Experimenting With Wild Game

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Screen Shot 2015-11-05 at 11.23.14 AMFall is such a fun time of year! Aside from the beautiful colors and new crispness in the air, it’s the season when warm comfort foods come back into favor. My favorites are chili, beef stew and other hearty meat dishes that warm you from the inside.

This season I’ve been experimenting with wild game, like venison and bison. Actually, I’ve cooked with venison for many years now. My family loves it. It’s easy to substitute ground beef with venison in things like chili and taco meat. Venison stew is also wonderful, loaded with a bunch of fall vegetables full of rich flavors.

This is the first year I’ve used bison (buffalo), though.

BENEFITS OF GAME MEAT

Game meat appeals to me because of its health benefits. The animals roam in their natural environment, eating food that they would naturally eat. Some of the benefits of wild game meat are*:

  • It’s some of the leanest meat you’ll find.
  • Game meat has a better ratio of Omega 3 to Omega 6 fatty acids. While both Omega 6 and Omega 3 are essential fats (we must consume them via our diet), we need a greater amount of Omega 3 fatty acids than Omega 6 fatty acids.
  • It’s high in protein, iron and zinc
  • The animal has never been crowded on a factory farm, treated inhumanely, loaded with drugs and hormones or fed an unnatural diet. The meat is the textbook definition of organic in every way.

There are also notable environmental and sustainability benefits to choosing wild game.

WHERE TO BUY GAME MEAT

The sometimes tricky part of cooking with wild game is getting it. You generally can’t buy it at common grocery stores. Here are some sources I’ve found:

  • Coscto and Whole Foods sell bison
  • Broken Arrow Ranch sells a variety of wild game: bison, venison, boar, quail… You can order online from them.
  • For fresh venison, you usually have to know a hunter or go to a meat processing store during hunting season. A Google search for meat processing in your area should turn up a couple.
  • One of my favorite meat processing stores is Jerome Country Market. It’s about an hour southwest of Ann Arbor so they might be quite a drive for some of you.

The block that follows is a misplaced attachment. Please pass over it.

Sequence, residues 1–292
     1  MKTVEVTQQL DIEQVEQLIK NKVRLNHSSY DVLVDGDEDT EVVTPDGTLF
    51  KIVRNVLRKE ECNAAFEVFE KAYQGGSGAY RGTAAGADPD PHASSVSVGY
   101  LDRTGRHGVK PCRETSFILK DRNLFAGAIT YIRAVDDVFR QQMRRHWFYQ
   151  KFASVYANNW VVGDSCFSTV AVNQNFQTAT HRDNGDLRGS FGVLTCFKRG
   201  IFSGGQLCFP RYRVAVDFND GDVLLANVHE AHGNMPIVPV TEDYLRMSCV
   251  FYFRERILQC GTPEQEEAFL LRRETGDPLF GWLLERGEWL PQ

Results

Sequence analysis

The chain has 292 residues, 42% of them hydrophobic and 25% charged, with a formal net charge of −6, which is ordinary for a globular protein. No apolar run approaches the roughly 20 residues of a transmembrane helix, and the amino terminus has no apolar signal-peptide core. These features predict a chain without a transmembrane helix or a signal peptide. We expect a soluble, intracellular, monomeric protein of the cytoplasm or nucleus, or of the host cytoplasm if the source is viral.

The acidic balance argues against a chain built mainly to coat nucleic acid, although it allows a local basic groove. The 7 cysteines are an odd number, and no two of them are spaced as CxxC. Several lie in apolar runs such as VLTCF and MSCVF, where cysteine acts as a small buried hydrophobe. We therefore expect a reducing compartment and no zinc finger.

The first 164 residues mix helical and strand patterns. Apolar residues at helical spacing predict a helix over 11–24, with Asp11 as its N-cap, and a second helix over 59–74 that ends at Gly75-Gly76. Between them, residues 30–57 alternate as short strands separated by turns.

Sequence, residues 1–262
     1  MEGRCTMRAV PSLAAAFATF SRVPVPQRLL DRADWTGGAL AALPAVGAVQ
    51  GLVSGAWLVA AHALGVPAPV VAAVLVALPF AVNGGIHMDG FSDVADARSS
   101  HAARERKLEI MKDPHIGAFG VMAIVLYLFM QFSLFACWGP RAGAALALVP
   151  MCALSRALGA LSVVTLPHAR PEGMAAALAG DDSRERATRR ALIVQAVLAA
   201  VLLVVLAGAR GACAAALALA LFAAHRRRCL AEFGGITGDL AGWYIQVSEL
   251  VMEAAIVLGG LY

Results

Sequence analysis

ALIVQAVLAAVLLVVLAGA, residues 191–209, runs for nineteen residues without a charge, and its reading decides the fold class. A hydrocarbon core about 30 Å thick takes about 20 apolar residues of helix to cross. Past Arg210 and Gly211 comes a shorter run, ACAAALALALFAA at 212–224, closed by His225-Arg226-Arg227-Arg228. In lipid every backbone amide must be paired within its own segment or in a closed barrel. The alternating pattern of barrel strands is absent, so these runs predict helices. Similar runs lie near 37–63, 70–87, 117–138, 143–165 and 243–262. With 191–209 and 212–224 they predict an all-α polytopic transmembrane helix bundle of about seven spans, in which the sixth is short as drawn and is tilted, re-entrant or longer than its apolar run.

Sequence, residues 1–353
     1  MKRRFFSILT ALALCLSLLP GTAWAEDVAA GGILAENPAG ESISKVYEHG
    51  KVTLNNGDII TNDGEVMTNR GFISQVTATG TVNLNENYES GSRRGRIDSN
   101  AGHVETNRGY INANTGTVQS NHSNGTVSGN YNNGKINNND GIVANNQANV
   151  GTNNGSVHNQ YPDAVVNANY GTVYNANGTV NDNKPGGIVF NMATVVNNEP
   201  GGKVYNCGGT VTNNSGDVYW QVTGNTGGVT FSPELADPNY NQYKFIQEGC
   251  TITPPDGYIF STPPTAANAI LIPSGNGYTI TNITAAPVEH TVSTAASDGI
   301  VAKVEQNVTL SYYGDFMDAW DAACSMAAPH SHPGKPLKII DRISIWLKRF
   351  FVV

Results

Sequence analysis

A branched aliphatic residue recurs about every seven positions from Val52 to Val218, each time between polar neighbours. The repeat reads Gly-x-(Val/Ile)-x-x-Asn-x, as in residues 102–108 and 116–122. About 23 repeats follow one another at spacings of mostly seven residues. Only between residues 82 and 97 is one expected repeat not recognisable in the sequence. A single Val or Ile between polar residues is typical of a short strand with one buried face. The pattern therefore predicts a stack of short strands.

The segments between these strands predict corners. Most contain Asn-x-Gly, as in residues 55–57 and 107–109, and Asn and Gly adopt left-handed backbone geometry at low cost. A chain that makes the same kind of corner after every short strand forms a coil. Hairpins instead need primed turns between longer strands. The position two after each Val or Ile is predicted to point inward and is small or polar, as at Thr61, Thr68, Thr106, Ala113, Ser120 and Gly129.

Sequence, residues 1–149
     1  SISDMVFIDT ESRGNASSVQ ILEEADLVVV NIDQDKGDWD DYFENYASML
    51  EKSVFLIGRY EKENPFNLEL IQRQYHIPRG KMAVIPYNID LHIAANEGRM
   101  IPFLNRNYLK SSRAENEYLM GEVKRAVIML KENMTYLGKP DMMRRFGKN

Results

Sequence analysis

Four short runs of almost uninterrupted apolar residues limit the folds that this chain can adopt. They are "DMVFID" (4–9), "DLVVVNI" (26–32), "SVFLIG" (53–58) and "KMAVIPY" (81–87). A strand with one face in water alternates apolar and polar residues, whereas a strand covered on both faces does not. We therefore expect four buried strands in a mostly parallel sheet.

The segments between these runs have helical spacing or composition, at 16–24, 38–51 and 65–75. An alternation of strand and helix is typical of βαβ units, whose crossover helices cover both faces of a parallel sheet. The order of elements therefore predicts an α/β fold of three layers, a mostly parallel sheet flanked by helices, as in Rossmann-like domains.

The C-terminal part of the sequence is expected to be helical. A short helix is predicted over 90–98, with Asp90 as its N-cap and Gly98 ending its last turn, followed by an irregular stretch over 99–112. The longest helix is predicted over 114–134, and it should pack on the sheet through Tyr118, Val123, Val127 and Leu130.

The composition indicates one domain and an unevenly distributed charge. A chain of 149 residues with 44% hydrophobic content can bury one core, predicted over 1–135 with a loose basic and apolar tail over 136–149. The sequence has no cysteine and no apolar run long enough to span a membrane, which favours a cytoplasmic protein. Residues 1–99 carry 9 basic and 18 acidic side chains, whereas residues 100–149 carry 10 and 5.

A BISON RECIPE FOR YOU

I picked up some bison steaks from Jerome Country Market last weekend, and since pomegranate and cranberries are coming into season, I decided to make a sauce with them to top the steaks. Generally, a sauce like this is thought of as a pairing for poultry, like quail, duck or turkey, but the tart, holiday-spice flavor is also great for toning down the wild taste of game meat.

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Ingredients:

  • Bison steaks
  • Seasonings for steak – I used a gourmet salt infused w/matcha that I found at a local market, salt and pepper
  • 1 c. Cranberries
  • ½ c. Water
  • 2 Pomegranates
  • ½ tbsp. Whole Cloves (or ½ tsp. ground cloves as substitute)
  • ½ tsp. Cumin

Add the water and cranberries to a sauce pan and bring to boil. Turn heat down to med/low and simmer for 10 minutes, stirring frequently. The cranberries will quickly burst open and begin to turn into a thick sauce.

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While the cranberries are simmering, cut the pomegranates in half and squeeze the juice into a bowl (like squeezing a lemon). The seeds and some pulp will fall into the bowl too.

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Strain the seeds into a bowl to remove the seeds and pulp.
Strain the seeds into a bowl to remove the seeds and pulp.

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Once the cranberries have thickened add the pomegranate juice, cloves and cumin. Bring to a boil and simmer over medium heat for about 10 minutes. The sauce will end up thick with chunks of cranberries still remaining.
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While the sauce is cooking, prepare the steaks. Usually, with game meat, you don’t need to add much oil or other fat to the cooking. For these steaks, I added just a tad (maybe a teaspoon) of Kerrygold butter and brushed it over the bottom of the pan after it melted. Sprinkle the steaks with your seasonings to taste – good ones to use are salt, pepper, coriander, ginger, garlic salt, or others with a bold, strong flavor.
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Pan fry the steaks over medium heat until desired doneness, flipping frequently. I removed mine from the pan when they were at about 145 degrees in the middle.
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When steaks are done, plate, cut into serving size pieces and top with sauce!

I hope you enjoy this recipe! I’d love to hear your thoughts in the comments 🙂

If you want to see more, check out my own personal fitness blog!

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-Wendy

www.strengthineight.com

 

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